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Dow Jones Suffers Data Breach

Malicious Hackers Target Subscriber Information in Dow Jones Breach

Business news and financial information provider Dow Jones & Company revealed on Friday that its systems had been breached by malicious actors who might have stolen subscriber information.

Malicious Hackers Target Subscriber Information in Dow Jones Breach

Business news and financial information provider Dow Jones & Company revealed on Friday that its systems had been breached by malicious actors who might have stolen subscriber information.

The News Corp-owned company and publisher of the Wall Street Journal told customers that it learned of the breach after it was alerted by law enforcement in late July. Following an investigation conducted in collaboration with a cyber security firm, Dow Jones determined that attackers accessed its systems “at certain times” between August 2012 and July 2015.

According to law enforcement, Dow Jones is just one of the several organizations targeted by malicious actors as part of a broad campaign. In the case of the financial news provider, the hackers appear to have targeted the contact details of current and former subscribers, including names, addresses, email addresses and phone numbers, information which they wanted to use to send out fraudulent solicitations.

The attackers might have also accessed financial information, including payment card and contact details, belonging to roughly 3,500 individuals. However, there is no direct evidence that any information has actually been stolen or misused, Dow Jones CEO William Lewis said in a letter sent out to customers last week.

Individuals whose financial details have been exposed will receive letters informing them about the incident and they will be offered free identity protection services. Dow Jones believes there is no need for customers to change their passwords since the information is encrypted, but it’s unclear what type of encryption or hashing system has been used.

Regarding the more than two month delay in notifying customers, Lewis said the company’s goal has been to quickly contain and investigate the breach, and then provide accurate information as soon as possible.

Dow Jones customers concerned about their online account are advised to contact the company’s customer service department at 1-800-JOURNAL.

“In today’s world – where literally anyone connected to the Internet is vulnerable – it’s no longer just a question of spending, it’s a question of processes and skills. Following the Dow Jones breach, I’m heartened that the CEO has publically said that no company is immune to cyberattacks. Solely recognizing that all organizations need comprehensive security solutions is the first step to reducing the onslaught of breaches we’ve witnessed over the last few years,” Grayson Milbourne, security intelligence director at Webroot, commented on the incident.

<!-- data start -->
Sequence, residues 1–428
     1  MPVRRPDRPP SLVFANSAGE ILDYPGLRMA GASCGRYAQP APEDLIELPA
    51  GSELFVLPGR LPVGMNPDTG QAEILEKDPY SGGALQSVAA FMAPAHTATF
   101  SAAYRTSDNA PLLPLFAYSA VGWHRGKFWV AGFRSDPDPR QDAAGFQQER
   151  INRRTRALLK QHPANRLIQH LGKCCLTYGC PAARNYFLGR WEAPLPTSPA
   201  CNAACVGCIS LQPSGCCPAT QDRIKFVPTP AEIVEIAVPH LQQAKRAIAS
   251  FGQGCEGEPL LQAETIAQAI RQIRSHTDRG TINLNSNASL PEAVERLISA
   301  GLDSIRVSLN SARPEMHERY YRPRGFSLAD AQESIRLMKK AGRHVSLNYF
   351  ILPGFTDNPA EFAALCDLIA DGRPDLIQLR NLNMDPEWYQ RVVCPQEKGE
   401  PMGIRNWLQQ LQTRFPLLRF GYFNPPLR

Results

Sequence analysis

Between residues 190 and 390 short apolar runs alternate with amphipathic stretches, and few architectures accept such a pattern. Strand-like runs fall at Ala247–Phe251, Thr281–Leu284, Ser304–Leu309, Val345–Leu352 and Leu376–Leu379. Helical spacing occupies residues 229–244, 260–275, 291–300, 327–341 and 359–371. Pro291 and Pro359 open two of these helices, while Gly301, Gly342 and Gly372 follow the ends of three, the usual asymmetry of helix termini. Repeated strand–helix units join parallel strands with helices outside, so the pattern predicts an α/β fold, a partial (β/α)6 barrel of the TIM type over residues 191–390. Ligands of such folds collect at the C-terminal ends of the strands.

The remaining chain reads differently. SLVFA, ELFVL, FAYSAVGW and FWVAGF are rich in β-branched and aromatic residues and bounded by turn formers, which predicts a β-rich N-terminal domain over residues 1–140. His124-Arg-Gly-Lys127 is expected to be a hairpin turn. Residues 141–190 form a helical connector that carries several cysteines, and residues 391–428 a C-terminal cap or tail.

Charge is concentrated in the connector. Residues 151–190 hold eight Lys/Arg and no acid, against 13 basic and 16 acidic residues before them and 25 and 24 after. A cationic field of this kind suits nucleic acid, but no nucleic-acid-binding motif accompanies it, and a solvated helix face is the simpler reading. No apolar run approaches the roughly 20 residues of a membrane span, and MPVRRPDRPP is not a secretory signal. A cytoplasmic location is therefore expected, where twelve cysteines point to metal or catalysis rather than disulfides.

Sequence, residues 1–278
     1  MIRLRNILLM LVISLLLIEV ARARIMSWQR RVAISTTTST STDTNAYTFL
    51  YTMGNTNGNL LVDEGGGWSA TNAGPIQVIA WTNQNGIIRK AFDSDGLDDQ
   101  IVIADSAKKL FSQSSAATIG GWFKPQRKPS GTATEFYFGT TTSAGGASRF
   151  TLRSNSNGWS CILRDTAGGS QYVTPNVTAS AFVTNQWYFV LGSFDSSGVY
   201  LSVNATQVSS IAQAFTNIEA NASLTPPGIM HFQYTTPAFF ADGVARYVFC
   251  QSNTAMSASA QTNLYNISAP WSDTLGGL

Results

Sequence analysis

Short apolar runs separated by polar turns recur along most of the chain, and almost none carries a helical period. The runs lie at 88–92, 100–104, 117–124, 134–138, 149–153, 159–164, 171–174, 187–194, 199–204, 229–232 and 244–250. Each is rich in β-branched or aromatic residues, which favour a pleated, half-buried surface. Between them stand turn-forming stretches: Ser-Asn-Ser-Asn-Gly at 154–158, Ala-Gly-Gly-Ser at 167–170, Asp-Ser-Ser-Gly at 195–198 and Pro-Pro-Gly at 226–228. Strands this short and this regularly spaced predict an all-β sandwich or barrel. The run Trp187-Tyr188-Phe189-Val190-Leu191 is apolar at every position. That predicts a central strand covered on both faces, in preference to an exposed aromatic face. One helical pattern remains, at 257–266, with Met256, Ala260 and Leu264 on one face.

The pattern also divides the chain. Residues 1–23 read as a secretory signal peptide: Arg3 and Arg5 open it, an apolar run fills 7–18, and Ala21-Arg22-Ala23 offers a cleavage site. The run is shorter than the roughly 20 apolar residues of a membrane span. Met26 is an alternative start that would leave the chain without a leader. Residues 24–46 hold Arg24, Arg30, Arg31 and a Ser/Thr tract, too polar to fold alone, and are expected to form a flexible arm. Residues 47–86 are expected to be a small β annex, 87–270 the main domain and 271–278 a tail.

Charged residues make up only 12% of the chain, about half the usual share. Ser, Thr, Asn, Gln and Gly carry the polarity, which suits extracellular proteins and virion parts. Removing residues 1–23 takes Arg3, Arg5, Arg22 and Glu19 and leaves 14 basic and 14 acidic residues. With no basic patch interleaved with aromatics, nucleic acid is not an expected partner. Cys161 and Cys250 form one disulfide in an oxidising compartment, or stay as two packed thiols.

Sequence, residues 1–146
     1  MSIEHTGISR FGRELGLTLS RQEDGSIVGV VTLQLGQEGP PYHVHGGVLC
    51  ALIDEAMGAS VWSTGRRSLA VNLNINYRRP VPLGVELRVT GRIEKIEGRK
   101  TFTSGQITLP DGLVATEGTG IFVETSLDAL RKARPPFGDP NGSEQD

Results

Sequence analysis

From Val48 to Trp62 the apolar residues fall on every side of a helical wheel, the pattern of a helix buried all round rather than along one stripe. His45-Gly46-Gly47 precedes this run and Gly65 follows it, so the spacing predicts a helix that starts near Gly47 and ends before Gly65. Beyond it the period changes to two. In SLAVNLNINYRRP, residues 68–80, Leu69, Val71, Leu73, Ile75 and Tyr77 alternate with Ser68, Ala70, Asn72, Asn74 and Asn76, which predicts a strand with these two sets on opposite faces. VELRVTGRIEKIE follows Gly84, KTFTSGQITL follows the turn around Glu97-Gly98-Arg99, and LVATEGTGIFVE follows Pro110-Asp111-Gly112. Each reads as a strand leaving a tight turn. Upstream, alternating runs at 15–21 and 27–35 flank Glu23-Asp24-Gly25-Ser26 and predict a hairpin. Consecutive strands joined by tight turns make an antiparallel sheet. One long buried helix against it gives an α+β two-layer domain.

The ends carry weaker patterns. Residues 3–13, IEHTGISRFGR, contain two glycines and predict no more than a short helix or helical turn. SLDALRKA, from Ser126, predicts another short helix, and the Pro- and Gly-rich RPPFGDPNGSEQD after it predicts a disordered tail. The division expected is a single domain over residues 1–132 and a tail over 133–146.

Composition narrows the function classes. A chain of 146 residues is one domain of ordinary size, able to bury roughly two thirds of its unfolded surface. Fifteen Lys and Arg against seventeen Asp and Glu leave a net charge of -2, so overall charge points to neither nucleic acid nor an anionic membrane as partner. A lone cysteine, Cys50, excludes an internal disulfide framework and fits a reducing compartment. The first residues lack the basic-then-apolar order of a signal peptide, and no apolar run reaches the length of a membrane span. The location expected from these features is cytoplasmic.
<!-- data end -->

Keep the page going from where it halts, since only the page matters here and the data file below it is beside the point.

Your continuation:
“As large company breaches have revealed, security isn’t always a question of budget but also a question of skills and background checks. The name of the game is to find out what is going on in an environment and reduce the risk,” Milbourne told SecurityWeek. “Overall, there is a clear trend of attacks that aim to compromise companies who store vast amounts of user data. These businesses need to prepare for continued attacks by updating their security policies and systems to be on high alert.”

This is not the first time Dow Jones has been targeted by malicious hackers. The company was one of the many victims of an international hacking scheme in which the members of a criminal enterprise caused $300 million in losses between 2005 and 2012. The crime syndicate, whose leader recently pleaded guilty in a US court to charges of conspiracy to commit wire fraud and unauthorized access of protected computers, is said to have stolen 10,000 login credentials from Dow Jones.

The Wall Street Journal has also been targeted by malicious actors. The company took some of its computers offline in July 2014 after detecting an intrusion.

Related Reading: US Busts Hacking/Insider Trading Ring

Written By

Eduard Kovacs (@EduardKovacs) is a contributing editor at SecurityWeek. He worked as a high school IT teacher for two years before starting a career in journalism as Softpedia’s security news reporter. Eduard holds a bachelor’s degree in industrial informatics and a master’s degree in computer techniques applied in electrical engineering.

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